I need someone to put me out of mystery.
An oracle data-block is fetched from disk and placed in the middle of the db buffer cache (midpoint insertion). In the documentation, it states that if the touch count is greater 2, the buffer will be move to the MRU of the LRU list. Is that right? the touch can be incremented at most once every three second. if that is case, then that means on a busy OLTP database, a lot of the buffer will be in the hot zone region of the LRU, is that correct? Furthermore, is it correct if I say the hot zone is only use to cache pinned or dirty buffer, or are free buffer present in the hot zone?
Lets assume user A manipulated a data block, therefore it is considered dirty and the transaction made by user A was committed. can other session issue a select statement on the dirty block before it gets written to the LRUW or disk? if that is possible, then can I say a dirty block can stay in the buffer cache for a long period of time if it is frequently assessed?
If the server process or DBW0 moves the dirty buffer from the LRU list to the dirty list, does that mean that the dirty buffer will no longer be present in the buffer cache?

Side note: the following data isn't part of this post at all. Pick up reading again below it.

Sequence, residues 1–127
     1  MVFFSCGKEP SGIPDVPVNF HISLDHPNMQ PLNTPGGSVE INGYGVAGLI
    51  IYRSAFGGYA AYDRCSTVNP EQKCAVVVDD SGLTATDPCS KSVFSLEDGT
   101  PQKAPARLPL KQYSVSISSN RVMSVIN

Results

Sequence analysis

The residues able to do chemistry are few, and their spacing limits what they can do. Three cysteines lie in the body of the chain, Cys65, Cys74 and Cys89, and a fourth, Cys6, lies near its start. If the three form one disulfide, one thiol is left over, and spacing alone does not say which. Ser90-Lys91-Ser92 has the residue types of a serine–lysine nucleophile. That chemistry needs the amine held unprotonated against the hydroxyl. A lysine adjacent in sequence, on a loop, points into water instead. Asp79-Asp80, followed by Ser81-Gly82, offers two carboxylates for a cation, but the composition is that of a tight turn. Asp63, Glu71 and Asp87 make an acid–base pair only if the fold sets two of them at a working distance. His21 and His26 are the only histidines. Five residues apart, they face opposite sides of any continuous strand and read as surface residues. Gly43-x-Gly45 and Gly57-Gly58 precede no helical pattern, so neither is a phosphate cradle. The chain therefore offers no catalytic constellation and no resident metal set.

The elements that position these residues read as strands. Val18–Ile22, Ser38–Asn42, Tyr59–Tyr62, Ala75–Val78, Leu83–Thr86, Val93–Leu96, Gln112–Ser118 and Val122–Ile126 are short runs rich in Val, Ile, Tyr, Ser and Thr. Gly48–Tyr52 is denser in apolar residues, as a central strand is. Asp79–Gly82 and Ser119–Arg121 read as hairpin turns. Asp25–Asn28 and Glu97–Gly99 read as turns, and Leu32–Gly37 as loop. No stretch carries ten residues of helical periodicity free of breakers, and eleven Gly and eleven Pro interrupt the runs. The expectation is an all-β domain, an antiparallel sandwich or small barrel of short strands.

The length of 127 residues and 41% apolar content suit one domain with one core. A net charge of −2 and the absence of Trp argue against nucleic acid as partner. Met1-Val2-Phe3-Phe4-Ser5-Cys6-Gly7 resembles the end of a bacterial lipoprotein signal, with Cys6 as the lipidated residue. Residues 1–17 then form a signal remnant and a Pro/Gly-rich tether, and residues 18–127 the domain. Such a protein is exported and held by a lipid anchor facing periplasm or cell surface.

When a user manipulate a datablock in the cache with committing the transaction, oracle utilizes undo segment for read consistency so that other sessions can only see the old data.Is that correct? Furthermore, let's assume that the user issue commits which means that the changes made by the user is now permanent, other users will be able to see new changes. How? I know that sometimes the manipulated buffer might still be present in the cache, so does that means that other session will be using the dirty block to view the update version of the buffer?
Server process or DBW0 begin scanning for free buffer from the bottom (LRU or cold) of the LRU list. If DBW0 or server process detect any dirty buffer, it will either be written to checkpoint queue or they will written to disk depending on the circumstances. Now, I've read several discussion on google stating that it is not mandatory for DBW0 to write dirty blocks to the checkpoint queue, it can write directly from the LRU list. Won't this mess up the order of SCN# for this blocks? How does oracle ensure that data blocks are written to disk in the order of SCN# if the DBW0 can bypass the checkpoint queue?
There are a zillion questions packed on the initial posting, let me address this particular bit...
DBWn always writes to disk - "checkpoint queue" is a list of dirty buffers.
Originally Posted by gasbie